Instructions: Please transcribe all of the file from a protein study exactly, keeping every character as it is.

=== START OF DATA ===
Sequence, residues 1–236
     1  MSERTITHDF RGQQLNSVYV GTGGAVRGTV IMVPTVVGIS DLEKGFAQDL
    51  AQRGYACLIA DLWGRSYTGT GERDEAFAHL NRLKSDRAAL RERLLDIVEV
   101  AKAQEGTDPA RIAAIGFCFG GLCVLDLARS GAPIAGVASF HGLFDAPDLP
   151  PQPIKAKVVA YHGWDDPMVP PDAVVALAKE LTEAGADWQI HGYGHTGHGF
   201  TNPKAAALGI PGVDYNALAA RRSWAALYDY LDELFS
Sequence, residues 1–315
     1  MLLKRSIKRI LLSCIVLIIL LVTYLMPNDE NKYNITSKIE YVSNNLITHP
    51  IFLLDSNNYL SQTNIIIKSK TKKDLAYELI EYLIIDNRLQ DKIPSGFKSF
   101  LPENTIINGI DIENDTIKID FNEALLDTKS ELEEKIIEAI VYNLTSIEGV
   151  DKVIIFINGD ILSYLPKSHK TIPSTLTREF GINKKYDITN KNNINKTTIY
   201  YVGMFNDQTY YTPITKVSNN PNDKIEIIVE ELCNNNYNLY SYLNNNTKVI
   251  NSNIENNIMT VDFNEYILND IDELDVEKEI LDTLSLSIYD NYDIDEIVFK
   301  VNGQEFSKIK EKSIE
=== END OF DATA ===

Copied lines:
Sequence, residues 1–236
     1  MSERTITHDF RGQQLNSVYV GTGGAVRGTV IMVPTVVGIS DLEKGFAQDL
    51  AQRGYACLIA DLWGRSYTGT GERDEAFAHL NRLKSDRAAL RERLLDIVEV
   101  AKAQEGTDPA RIAAIGFCFG GLCVLDLARS GAPIAGVASF HGLFDAPDLP
   151  PQPIKAKVVA YHGWDDPMVP PDAVVALAKE LTEAGADWQI HGYGHTGHGF
   201  TNPKAAALGI PGVDYNALAA RRSWAALYDY LDELFS
Sequence, residues 1–315
     1  MLLKRSIKRI LLSCIVLIIL LVTYLMPNDE NKYNITSKIE YVSNNLITHP
    51  IFLLDSNNYL SQTNIIIKSK TKKDLAYELI EYLIIDNRLQ DKIPSGFKSF
   101  LPENTIINGI DIENDTIKID FNEALLDTKS ELEEKIIEAI VYNLTSIEGV
   151  DKVIIFINGD ILSYLPKSHK TIPSTLTREF GINKKYDITN KNNINKTTIY
   201  YVGMFNDQTY YTPITKVSNN PNDKIEIIVE ELCNNNYNLY SYLNNNTKVI
   251  NSNIENNIMT VDFNEYILND IDELDVEKEI LDTLSLSIYD NYDIDEIVFK
   301  VNGQEFSKIK EKSIE